Tag Archives: Chats Palace

Chats Palace Hope Funders Recognise Popularity

Pic: Sean Sales: Sarah McLoughlin, Director at Chats Palace hopes to organise more events for the ommunity

Pic: Sean Sales: Sarah McLoughlin, Director at Chats Palace hopes to organise more events for the community

By Sharon Payne

Chat’s Palace is a community space situated in a wonderful Victorian library built in 1913. The building is used for an amazing variety of events and activities designed to appeal to all ages and interests. Manager Candy Horsbrugh, the only full time member of staff, is full of enthusiasm for the building and its role in the community since the library closed in 1976.

Despite funding difficulties the space, which took on charity status in 1981, hosts barn dancing, exhibitions, workshops, youth projects, club nights for teenagers, live music, comedy nights, darkroom hire and tuition, karate, traditional music tuition, dance classes and even a knitting group for older people that they are hoping to encourage younger people to come along to. Continue reading

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Week 4 – Practicing Interview Skills and Writing Case Studies

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By Samuel Hooper

Week four of the Big Issue Online Journalism training saw the trainees learn interview techniques and recap key photography skills before going on location to interview three social enterprise directors about their work. Our efforts led to a series of case study articles profiling the work of these organizations.

We were first split into pairs and assigned a role either as interviewer or photographer. Your blogger today was selected to serve as photographer as we interviewed Eddie Bridgeman, the director of a community interest company (CIC) called Meanwhile Spaces.

The Big Issue Online Journalists also interviewed leaders from Hackney Pirates, an unconventional learning centre helping young people with literacy and academic support, and Chats Palace, a thriving community arts centre in Homerton.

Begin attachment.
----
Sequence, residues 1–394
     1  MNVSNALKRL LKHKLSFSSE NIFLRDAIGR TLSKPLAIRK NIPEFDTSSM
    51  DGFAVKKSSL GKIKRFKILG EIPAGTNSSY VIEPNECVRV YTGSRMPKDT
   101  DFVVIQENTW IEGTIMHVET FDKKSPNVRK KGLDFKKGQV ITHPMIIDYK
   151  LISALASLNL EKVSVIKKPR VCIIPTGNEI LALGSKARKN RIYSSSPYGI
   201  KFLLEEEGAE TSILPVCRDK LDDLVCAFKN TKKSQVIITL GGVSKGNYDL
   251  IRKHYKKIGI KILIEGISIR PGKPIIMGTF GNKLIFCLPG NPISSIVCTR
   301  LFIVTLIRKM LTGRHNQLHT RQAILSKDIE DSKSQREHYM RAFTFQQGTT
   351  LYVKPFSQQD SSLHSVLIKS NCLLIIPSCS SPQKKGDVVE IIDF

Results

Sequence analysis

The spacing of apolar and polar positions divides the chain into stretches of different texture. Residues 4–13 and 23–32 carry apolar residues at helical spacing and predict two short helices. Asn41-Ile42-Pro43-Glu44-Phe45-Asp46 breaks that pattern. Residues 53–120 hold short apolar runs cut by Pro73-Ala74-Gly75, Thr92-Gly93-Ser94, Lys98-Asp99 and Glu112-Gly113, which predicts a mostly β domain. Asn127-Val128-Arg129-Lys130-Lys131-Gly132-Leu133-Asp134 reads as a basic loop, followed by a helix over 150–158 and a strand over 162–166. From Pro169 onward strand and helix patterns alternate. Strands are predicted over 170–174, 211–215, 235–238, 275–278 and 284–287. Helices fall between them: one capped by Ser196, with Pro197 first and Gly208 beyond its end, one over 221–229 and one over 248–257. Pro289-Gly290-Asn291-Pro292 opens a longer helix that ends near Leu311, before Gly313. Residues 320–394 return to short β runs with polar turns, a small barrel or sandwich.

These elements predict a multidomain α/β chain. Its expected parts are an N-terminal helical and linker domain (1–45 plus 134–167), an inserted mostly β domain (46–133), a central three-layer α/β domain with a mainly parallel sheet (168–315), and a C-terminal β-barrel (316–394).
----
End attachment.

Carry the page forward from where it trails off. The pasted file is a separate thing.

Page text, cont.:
The main objective of the exercise was to produce work that would meet the expectations of our audience – in this case, readers of the Answers From Big Issue publication. It was important to maintain focus and use our limited time to gather information, quotes and images that would work together to tell a positive story about social enterprises benefiting the community.

Preparation was key, and we spent Thursday morning researching the organizations, working out the right questions to ask and thinking of the best photo opportunities to look for once we were on location. The afternoon was then spent conducting the interviews and photographing the interviewees and the surroundings.

The interviewers had to contend with various challenges, including late-running subjects, temperamental voice recorders (the bane of every journalist) and distracting background noise. However, the application of our newfound interview skills yielded good results, with all of the interviewees displaying palpable enthusiasm for their projects and eagerness to increase public awareness of them.

Jan, one of the trainees on photographic duty, also had to be creative and rely on his training in order to overcome challenges while on location at Hackney Pirates. He said: “The lighting was very warm, and was not continuous throughout the room which presented a real challenge.”

Friday was devoted to transcribing the interviews, downloading the images and writing the articles for publication on this blog and consideration for Answers From Big Issue. The assignment was challenging but rewarding, and showed a big increase in our collective knowledge and skill compared to our humble beginnings in February.

Next week, the Big Issue Online Journalists will take on full length feature articles – stay tuned for the results of our work.

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